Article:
Tax ombud publishes draft compendium of taxpayer rights

Judge Bernard Ngoepe, the Tax Ombud. File picture: Werner Beukes/SAPA

Judge Bernard Ngoepe, the Tax Ombud. File picture: Werner Beukes/SAPA

Published Feb 2, 2022


The Taxpayer Bill of Rights might still be a dream, but a draft Compendium of Taxpayer Rights, Entitlements and Obligations is now a reality, thanks to the Office of the Tax Ombud (OTO).

On 1 February, the Tax Ombud, Judge Bernard Ngoepe, released a draft of South Africa’s first Compendium of Taxpayer Rights, Entitlements and Obligations, which informs taxpayers about their rights, entitlements and obligations concerning their tax affairs and engagements with the South African Revenue Service (SARS) and the OTO. The draft publication was compiled by the OTO after years of repeated calls by Judge Ngoepe for the country to have a Taxpayer Bill of Rights.

Ngoepe said that although the Compendium is not an enforceable Taxpayer Bill of Rights it is a consolidation of numerous principles contained in the Constitution, tax legislation and other government documents, it is nonetheless important towards improving the South African tax administration system and accountability by SARS.

“The Compendium of Taxpayer Rights, Entitlement and Obligations is not a replacement of the taxpayer Bill of Rights – which I still believe is necessary – but a step in the right direction; it will help millions of taxpayers understand what their rights are as guaranteed in the Constitution and legislation, in what their obligations are. Regrettably, our country does not have an enforceable Taxpayer Bill of Rights as is the case in other countries. However, taxpayers’ rights and obligations are contained in various documents and pieces of legislation, including the Constitution and the Tax Administration Act. The challenge is that these documents are technical and often difficult to understand. The Compendium is a summary of these rights and obligations; it can easily be used as a reference tool to guide a person towards the information they need,” Judge Ngoepe said.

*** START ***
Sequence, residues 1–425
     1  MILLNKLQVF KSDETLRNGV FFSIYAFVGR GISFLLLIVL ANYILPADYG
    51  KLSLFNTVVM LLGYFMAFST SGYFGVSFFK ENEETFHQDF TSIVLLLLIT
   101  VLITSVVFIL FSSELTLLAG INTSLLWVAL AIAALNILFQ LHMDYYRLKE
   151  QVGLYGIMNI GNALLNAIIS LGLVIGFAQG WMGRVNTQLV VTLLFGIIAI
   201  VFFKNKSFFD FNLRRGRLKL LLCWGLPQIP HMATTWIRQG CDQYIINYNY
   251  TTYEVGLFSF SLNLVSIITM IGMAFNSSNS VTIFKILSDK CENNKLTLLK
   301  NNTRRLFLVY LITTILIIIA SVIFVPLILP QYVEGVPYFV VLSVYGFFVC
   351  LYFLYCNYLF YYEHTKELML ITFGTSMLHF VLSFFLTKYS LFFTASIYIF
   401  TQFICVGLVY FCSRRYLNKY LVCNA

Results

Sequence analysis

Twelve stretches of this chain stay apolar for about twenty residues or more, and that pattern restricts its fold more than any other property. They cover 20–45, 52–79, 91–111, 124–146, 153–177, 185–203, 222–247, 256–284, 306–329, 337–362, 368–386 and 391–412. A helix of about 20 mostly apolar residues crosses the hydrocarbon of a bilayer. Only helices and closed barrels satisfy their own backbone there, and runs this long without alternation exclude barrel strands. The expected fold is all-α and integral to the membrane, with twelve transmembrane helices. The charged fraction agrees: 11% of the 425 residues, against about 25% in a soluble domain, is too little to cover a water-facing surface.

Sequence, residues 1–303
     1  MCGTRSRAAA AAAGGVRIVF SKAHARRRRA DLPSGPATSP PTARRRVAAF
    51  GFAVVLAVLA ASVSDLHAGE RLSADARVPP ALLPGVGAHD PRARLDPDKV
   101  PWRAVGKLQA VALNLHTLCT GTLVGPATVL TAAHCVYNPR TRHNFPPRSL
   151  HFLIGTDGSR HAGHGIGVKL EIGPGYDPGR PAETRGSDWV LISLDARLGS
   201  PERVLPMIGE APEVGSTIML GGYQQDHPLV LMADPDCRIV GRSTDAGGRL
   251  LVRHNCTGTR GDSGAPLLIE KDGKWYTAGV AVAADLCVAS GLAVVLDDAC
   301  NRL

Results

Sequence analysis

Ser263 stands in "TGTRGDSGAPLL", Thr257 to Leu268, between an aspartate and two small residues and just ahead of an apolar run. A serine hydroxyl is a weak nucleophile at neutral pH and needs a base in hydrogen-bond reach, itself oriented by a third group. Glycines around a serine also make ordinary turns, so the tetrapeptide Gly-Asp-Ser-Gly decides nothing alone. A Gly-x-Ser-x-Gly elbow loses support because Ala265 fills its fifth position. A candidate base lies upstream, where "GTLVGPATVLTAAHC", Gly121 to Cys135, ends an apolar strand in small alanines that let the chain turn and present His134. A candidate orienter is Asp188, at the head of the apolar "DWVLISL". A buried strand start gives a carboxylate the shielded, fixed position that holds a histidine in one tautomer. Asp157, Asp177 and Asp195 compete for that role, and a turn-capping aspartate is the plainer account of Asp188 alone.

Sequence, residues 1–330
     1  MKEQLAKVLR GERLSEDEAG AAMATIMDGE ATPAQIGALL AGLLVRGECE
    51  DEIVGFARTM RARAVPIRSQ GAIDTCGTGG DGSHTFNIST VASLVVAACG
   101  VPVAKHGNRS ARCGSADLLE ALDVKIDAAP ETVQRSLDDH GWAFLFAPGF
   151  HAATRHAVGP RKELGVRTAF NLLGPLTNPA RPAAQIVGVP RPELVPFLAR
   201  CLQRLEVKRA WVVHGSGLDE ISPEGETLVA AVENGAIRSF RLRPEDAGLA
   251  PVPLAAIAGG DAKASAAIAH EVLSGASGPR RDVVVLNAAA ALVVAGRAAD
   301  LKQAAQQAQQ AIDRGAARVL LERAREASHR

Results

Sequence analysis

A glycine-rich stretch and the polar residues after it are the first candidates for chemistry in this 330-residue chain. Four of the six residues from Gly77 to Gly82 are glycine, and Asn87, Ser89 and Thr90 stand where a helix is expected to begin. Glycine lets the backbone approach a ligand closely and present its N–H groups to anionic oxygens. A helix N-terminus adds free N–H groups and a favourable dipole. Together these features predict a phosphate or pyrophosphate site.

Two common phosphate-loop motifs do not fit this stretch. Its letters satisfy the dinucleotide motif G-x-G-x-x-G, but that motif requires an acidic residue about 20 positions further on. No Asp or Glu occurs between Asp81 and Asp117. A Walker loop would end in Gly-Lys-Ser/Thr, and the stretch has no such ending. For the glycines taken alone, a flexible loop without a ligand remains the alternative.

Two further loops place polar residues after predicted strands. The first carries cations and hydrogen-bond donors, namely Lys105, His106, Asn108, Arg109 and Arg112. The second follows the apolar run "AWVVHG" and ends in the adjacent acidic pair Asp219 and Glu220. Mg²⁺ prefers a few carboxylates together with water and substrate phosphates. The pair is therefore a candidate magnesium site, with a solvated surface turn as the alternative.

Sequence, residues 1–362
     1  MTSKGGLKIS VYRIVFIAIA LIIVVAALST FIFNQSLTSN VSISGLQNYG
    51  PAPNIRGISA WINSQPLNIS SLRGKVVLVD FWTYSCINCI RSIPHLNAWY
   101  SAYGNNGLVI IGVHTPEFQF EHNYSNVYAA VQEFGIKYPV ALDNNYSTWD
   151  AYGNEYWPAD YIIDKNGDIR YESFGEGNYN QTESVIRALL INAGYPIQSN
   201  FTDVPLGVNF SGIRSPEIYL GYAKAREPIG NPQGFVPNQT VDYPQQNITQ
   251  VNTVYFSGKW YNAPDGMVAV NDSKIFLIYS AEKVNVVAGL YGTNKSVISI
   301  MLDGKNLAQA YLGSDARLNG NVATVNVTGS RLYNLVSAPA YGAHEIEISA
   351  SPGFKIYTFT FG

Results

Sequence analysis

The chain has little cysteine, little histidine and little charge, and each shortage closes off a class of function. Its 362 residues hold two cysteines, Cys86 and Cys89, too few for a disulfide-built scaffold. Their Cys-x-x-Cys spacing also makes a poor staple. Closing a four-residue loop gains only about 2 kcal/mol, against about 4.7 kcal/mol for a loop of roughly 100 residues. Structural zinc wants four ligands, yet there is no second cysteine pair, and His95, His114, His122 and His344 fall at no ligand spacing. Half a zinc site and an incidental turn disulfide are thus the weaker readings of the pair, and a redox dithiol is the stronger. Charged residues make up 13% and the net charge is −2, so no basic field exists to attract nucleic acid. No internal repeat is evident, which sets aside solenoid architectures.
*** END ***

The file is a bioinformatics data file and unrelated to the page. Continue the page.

Governments across the globe, including South Africa, have given their revenue authorities drastic powers to ensure they are effective in collecting taxes required for economic growth, build infrastructure and generally provide social services required by their citizens. Taxpayers may feel overwhelmed, intimidated and helpless when dealing with revenue authorities. Therefore, it is important for taxpayers to know their rights, said Judge Ngoepe.

Some of the rights and entitlements listed in the compendium include access to information, a fair, unbiased and just tax system, confidentiality and representation in dispute assessments or decisions. It also states that taxpayers are entitled to, amongst others:

  • Complain without fear of victimisation,
  • Make certain requests, proposals or applications to SARS,
  • Finality,
  • Receive quality and timely service from SARS, and
  • To pay nothing more than the correct amount of tax due to SARS.

Judge Ngoepe reiterated his call for the publication of a Taxpayer Bill of Rights “sooner rather than later”. He added that the long-overdue Taxpayer Bill of Rights would help strengthen constitutional democracy, improve the level of accountability by SARS and support an improved tax administration system, thus help created confidence in the revenue collector.

“The Compendium will go a long way towards empowering taxpayers with knowledge about their tax rights and obligations and to understand the level of service they are entitled to from SARS. It is important to note that whilst the OTO champions taxpayer rights, we also promote tax compliance; all we want is to ensure that taxpayers pay what is due, not a cent less or more,” he concluded.

The draft Compendium is available on


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